Victory at All Costs

by @TopolskiMatt on Twitter

It was stunning, sensational and for Liverpool supporters like myself, it felt like being born again. On a “European Night” at Anfield, 90 minutes of football became spiritual and millions of supporters around the world were connected emotionally in ways that escape my limited vocabulary.

Liverpool Football Club entered the second leg of the Champions League semifinal trailing Barcelona by 3 goals to 0 – on aggregate and if they were to overcome the massive deficit they would have to do it without the likes of two of their most prolific playmakers.

Roberto Firmino was not cleared due to a nagging injury he picked up in training and Mohamed Salah was out due to a head injury he suffered just days ago in a collision with Newcastle United Goalkeeper Martin Dubravka.

Despite a three goal deficit, despite not having two of the front three that has made Liverpool’s attack so blistering, and despite Barcelona having arguably the greatest player on the planet, it didn’t matter, none of it mattered.

On this night, on this ground, in front of these supporters, Liverpool made the kind of history that will redefine a club already rich in it.

The emotion displayed by players, the manager, club legends and supporters was a tidal wave of euphoria that can only be topped by a sixth European Cup or by capturing an elusive Premier League title Sunday.

Liverpool did the impossible, overcoming a three-goal deficit against Barcelona in the semi-finals of the Champions League, by scoring 4 and not conceding a single goal to Messi or Suarez.

By reaching their second straight Champions League final, Klopp’s side took one more step towards immortality thanks in large part to a seed that was planted by Jurgen Klopp ahead of kick-off.

“Congratulations to Klopp,” Lovren told “Before the game he had an amazing speech, it was something brilliant that he did. I think he lifted us so up.”

“He said like, ‘Boys, believe – one goal or two goals. Even if we don’t score in the first 15, 20 minutes, believe in the 65, 66, 67 minutes that we can score. With Anfield behind, trust me, we can do it.’

Asked what the boss said, the defender revealed: “‘Boys, just believe. Put in your mind that we can do it.’ It’s something that we never heard before.

“We did it once, he said, the [Borussia] Dortmund game – we can do it tonight. And we did it.”

The comeback for the Reds started early, as Salah replacement Divock Origi got on the score sheet in minute 7 after a goalkeeper deflection from a Jordan Henderson strike on target.


Henderson, fought off an injury later in the match and stayed on to have a monster of a game in midfield, putting together the type of performance that should silence some of his harshest critics.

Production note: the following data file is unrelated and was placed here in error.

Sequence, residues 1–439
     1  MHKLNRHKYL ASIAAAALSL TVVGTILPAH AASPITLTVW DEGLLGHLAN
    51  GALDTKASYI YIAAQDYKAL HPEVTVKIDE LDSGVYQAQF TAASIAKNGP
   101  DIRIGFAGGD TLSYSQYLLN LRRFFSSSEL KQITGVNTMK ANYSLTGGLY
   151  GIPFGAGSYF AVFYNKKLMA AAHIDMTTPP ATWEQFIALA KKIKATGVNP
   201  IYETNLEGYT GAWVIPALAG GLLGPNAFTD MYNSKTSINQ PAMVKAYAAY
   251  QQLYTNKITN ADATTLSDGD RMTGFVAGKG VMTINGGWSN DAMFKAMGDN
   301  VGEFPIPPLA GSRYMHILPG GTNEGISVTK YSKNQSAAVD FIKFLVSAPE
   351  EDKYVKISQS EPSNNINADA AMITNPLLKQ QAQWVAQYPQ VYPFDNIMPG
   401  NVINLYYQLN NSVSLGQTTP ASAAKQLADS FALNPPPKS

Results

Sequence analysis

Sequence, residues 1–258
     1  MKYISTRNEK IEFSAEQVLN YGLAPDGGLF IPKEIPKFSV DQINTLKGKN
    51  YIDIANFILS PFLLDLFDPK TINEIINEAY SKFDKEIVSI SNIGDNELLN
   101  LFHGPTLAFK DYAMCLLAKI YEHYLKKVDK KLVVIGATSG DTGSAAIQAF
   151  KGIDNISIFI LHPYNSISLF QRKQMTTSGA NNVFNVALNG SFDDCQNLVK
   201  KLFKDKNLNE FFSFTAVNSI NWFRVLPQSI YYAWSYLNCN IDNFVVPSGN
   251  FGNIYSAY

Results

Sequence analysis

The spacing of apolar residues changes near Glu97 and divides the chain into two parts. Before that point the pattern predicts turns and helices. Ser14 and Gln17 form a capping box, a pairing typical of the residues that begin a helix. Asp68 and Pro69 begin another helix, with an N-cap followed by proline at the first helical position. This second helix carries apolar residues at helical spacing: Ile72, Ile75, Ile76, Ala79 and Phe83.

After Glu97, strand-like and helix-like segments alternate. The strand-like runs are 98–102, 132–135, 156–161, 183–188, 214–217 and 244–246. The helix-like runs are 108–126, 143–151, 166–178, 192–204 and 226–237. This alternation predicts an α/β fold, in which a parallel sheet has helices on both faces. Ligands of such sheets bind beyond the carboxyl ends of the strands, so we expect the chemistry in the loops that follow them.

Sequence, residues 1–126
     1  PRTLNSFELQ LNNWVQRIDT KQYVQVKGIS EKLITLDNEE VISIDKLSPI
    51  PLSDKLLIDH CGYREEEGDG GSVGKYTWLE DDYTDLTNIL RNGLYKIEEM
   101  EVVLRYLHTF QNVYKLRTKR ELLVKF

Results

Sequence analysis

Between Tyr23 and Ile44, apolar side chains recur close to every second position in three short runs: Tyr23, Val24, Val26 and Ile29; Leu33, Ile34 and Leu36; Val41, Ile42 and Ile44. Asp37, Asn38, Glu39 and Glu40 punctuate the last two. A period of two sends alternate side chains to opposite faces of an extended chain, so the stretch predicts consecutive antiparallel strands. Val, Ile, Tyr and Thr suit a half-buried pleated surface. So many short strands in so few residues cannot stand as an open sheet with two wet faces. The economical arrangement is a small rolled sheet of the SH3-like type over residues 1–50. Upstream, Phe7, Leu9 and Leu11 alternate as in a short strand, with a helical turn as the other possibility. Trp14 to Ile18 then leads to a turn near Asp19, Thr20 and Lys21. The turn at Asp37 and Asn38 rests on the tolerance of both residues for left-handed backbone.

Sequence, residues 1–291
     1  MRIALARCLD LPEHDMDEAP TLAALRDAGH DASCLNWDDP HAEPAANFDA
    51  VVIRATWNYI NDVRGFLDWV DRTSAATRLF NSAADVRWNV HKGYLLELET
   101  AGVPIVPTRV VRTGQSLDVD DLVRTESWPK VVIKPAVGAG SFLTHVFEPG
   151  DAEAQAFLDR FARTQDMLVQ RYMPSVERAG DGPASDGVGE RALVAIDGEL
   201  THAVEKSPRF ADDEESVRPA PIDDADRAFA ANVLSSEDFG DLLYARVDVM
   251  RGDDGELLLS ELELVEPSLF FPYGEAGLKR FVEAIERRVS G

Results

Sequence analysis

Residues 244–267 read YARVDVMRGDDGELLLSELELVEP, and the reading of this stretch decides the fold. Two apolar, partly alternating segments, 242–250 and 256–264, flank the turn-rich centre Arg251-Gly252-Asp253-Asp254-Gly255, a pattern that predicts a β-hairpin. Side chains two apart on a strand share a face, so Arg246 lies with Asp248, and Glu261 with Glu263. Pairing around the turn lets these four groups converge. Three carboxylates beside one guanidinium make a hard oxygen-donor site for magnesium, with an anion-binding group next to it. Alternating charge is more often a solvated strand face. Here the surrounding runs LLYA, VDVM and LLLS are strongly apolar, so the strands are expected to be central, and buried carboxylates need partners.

Former Liverpool defender Alan Kennedy told talkSport:

Jordan Henderson led his team by example. I thought he really stood up to the mark. He was tremendous in what he did, how he organised.

“And they’ve got players like James Milner who can do a great job in any position and he had to fill in for Andrew Robertson.”

Kennedy played a key role in the European Cups he won at Liverpool, scoring the winning goal against Real Madrid in 1981 and the winning spot-kick in a penalty shootout against Roma in 1984.

The Barcelona match has been labelled as the club’s ‘greatest ever night at Anfield’ by Phil Thompson and Thommo’s former team-mate Kennedy echoed these views but also referred to their David Fairclough-inspired comeback against St Etienne in 1977.

Liverpool entered the second half of the semi final second leg needing two goals to level and force extra time. Roughly 10 minutes into the second half the Reds lost left-back Andrew Robertson to classic Luis Suarez shit-house tactics.

As a result of the Robertson injury, Georginio Wijnaldum entered the game and simultaneously entered Liverpool lore.

Wijnaldum found the back of the net twice in back-to-back chances inside the 18; finding himself unmarked twice and leaving Barcelona fans wondering what the hell was happening. But we knew, because we’ve seen that header before.

The fourth and final nail in the coffin came after 78 minutes, thanks to a cold blooded dagger fit to kill the Night King courtesy of Trent Alexander-Arnold (with the cheeky corner) and Divock Origi with the finish.

Barcelona’s defense was woefully unprepared and as they went to sleep in front of the KOP, a 20 year old phenom at right-back and a twice loaned Belgian replacement forward sent Anfield into a Benny Hinn seizure.

Liverpool have advanced to the UEFA Champions League Final for a second consecutive year and will face the winner of Ajax vs Tottenham Hotspur. At the time of this article’s writing, Ajax was holding a 2-0 lead on Aggregate. Assuming they advance, it would produce a mouthwatering final featuring two attacking sides.

In this year’s tournament, both Ajax and Liverpool have combined to eliminate Juventus, Real Madrid, Bayern Munich and Barcelona; a who’s who of European Football. Neither side has had an easy path to the final proving both are battle tested.

UPDATE: Tottenham has defeated Ajax 3-2 on aggregate! Unbelievable. An all English final.

Details to come…

The Estadio Metropolitano is the home of Atletico Madrid

The Champions League Final will take place Saturday, June 1st from the Estadio Metropolitano and if Tuesday Night at Anfield is any indication of what’s to come, then the Reds will be marching into Madrid ready to collect their sixth infinity stone.